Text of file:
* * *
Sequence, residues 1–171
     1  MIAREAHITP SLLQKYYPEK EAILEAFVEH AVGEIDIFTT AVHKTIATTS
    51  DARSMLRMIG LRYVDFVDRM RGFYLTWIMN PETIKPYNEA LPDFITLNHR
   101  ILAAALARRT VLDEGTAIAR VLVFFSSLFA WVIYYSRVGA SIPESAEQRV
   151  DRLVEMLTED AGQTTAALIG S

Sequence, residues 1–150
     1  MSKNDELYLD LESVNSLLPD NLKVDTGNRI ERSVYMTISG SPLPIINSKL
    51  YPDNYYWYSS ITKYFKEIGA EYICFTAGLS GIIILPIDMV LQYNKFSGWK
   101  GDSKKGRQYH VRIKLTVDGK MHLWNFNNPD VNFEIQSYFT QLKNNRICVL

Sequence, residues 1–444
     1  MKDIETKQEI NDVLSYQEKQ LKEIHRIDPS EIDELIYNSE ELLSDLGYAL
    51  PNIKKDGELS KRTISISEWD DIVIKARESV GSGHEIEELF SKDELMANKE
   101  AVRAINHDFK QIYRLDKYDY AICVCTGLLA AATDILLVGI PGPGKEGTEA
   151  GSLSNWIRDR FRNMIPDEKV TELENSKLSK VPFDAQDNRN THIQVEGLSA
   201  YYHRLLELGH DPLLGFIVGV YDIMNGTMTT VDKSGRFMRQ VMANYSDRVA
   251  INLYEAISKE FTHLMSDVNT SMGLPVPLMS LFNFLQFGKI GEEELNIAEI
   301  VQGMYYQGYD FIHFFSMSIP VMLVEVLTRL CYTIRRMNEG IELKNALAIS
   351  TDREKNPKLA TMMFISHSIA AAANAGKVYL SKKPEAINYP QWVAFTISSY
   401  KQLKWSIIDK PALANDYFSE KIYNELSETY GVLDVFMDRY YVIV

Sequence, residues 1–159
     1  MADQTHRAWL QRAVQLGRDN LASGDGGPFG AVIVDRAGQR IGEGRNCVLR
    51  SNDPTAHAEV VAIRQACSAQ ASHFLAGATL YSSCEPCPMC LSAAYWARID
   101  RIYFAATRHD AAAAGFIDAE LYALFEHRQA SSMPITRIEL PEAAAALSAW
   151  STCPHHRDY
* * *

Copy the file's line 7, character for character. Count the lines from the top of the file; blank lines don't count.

     1  MSKNDELYLD LESVNSLLPD NLKVDTGNRI ERSVYMTISG SPLPIINSKL